4.3. Organic Rankine cycle with IHE

Figure 10. The maximal net power output of ORC with different working fluids

Figure 10 presents the maximal values of the net power output of ORC for five working fluids in the Organic Rankine cycle with IHE. The results show that using IHE does not bring any change on the net power output if compared to the basic ORC. In summaries, the net power output of Isopentane come first before all others working fluids (with a value equal to 587.356 kW), while the Toluene fluid represents the minimal net power output.

Figure 11. Thermal efficiency of different working fluids corresponding to the maximum net power output

Figure 11 presents the thermal efficiency of the different working fluids corresponding to the maximum net power output.

Figure 12. The total heat transfer capacity of the system with different working fluids

When comparing the maximum

 value given by every single fluid, contrary to the previous ORC configurations, the better thermal efficiency is obtained by the Isopentane working fluid. In addition, the difference between the minimal and the maximal values of the thermal efficiency is about 2% for each fluid, which is less than that calculated in the preceding ORC cycles. This criterion allows us to conclude that all investigated fluids favourites theirs use in this type of ORC cycle.

Figure 12 illustrates the complete heat transfer capacity of the evaporator and condenser in ORCs configurations, where the maximum net power output is considered with the five working fluids. The total heat transfer capacity might change from 483.807 kW/K to 524.549 kW/K. Isopentane has the highest capacity among the working fluids, while Toluene presents the lowest total heat transfer capacity.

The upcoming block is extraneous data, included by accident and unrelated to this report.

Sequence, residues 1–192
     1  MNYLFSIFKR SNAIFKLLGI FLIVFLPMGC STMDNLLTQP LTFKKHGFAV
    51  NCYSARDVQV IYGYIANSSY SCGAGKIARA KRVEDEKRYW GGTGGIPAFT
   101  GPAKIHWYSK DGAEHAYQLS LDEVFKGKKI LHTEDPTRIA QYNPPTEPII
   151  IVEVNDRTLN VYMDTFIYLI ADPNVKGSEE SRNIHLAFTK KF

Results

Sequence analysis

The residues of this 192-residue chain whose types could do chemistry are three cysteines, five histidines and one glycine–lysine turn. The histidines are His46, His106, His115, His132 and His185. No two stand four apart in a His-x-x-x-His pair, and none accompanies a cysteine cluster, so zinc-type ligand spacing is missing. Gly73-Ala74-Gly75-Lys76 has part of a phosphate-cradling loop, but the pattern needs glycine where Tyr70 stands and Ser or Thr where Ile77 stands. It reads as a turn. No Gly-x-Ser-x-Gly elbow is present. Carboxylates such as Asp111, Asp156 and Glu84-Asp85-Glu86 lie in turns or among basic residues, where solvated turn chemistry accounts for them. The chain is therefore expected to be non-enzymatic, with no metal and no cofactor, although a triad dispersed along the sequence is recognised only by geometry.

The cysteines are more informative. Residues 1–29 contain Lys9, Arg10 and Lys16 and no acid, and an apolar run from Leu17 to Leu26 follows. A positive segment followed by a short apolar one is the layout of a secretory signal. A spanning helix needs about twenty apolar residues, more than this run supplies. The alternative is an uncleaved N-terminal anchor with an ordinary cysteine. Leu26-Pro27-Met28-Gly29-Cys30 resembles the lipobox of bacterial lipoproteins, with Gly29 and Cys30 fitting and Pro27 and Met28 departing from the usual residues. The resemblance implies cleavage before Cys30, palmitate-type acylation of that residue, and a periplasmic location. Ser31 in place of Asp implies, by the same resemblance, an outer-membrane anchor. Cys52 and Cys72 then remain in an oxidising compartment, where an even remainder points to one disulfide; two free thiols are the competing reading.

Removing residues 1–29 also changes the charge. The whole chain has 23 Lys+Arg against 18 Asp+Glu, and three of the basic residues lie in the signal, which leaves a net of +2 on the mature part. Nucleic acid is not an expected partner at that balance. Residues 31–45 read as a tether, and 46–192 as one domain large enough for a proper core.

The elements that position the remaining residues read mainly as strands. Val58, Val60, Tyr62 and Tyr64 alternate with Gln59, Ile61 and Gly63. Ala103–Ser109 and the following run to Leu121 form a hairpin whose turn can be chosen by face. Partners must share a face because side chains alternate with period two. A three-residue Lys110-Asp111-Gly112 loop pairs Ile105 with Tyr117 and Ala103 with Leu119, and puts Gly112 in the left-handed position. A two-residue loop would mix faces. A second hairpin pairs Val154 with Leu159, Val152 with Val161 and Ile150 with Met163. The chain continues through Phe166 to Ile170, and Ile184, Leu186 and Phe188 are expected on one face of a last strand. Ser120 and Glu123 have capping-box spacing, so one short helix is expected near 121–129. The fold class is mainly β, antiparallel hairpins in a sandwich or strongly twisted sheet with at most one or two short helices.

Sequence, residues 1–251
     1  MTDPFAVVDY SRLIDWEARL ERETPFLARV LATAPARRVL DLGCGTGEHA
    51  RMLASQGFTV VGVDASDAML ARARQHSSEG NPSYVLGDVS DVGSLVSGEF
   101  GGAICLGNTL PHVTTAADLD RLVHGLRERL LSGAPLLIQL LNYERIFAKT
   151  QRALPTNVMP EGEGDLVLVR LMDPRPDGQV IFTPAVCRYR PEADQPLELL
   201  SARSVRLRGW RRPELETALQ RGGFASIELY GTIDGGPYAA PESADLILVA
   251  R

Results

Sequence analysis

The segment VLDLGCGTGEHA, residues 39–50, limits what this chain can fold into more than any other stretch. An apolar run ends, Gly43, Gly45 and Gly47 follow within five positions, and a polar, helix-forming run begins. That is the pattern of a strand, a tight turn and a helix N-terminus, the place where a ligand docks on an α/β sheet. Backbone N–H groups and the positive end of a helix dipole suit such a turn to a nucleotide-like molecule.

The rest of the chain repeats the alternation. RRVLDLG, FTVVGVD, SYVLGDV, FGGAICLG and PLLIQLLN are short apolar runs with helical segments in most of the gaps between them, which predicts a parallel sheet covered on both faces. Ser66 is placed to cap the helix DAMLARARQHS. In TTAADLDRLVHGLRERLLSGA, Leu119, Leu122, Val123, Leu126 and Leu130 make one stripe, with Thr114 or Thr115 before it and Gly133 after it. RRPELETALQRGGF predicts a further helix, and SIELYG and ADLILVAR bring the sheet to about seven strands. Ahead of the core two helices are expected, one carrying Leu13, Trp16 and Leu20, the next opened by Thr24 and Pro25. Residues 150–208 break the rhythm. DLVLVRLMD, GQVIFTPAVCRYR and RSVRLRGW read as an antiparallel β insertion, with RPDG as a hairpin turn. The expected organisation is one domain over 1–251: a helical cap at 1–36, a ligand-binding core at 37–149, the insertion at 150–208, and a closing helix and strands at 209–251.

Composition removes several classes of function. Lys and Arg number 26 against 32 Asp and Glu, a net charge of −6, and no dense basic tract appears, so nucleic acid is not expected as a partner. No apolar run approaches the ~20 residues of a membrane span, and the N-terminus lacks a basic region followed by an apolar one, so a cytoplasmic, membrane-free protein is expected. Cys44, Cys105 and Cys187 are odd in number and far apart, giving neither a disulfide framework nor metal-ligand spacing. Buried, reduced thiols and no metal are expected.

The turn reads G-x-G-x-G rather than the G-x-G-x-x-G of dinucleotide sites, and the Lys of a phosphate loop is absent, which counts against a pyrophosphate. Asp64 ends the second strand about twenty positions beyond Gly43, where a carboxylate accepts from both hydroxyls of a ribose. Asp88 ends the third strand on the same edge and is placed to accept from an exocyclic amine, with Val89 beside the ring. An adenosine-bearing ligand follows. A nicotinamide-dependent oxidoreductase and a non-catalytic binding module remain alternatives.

4.4. Comparison between different cycles

In Figures 13 (a-d), all the system characteristics (thermal efficiency, net power output and the total heat transfer capacity) for different designs (basic ORC, superheat of 5 °C and IHE) are reordered in the form of histogram in order to facilitate the comparison.

(a) Thermal efficiency of ORC cycles

(b) The maximal net power output

(c) The total heat transfer capacity

Figure 13. Comparison of different ORC schemes

Given the superheated state of the working fluid at the outlet of the expander, a substantial quantity of energy might be recovered from vapour at expander outlet and transformed to inward fluid. When the liquid leaves the pump, the recuperator increases its temperature and then the working fluid heats up before entering the evaporator. In this process the wasted thermal energy rejected by the condenser would be extracted and supplied again to the working fluid in the instant that when it leaves the pump. Therefore, the rejected heat by the condenser reduces.

Figures 13 (b) shows maximal net power output for the three different cycles. It is obvious that for the ORC with superheat the maximal net power output is less than the other two cycles.

Since, the coefficient of the total heat transfer signifies the total resistance to heat transfer corresponding to a fluid to another. Compared to basic configuration, the UA parameter is always reduced when resorting to a superheater or IHE that improve the performance of such configuration, in the same time, it is also accompanied by an increase/decrease on thermal efficiency corresponding to ORC-IHE/ ORC-Superheat respectively.

It is clearly remarkable that the couple (ORC IHE-Isopentane) presents the optimal configuration, which gives the better performance with varying thermal efficiency and net power output.

5. Conclusion

The couple (Design-Fluid) choice for the Organic Rankine Cycle is of a paramount importance and is very dependent on the heat source conditions, as well on the criteria to be considered.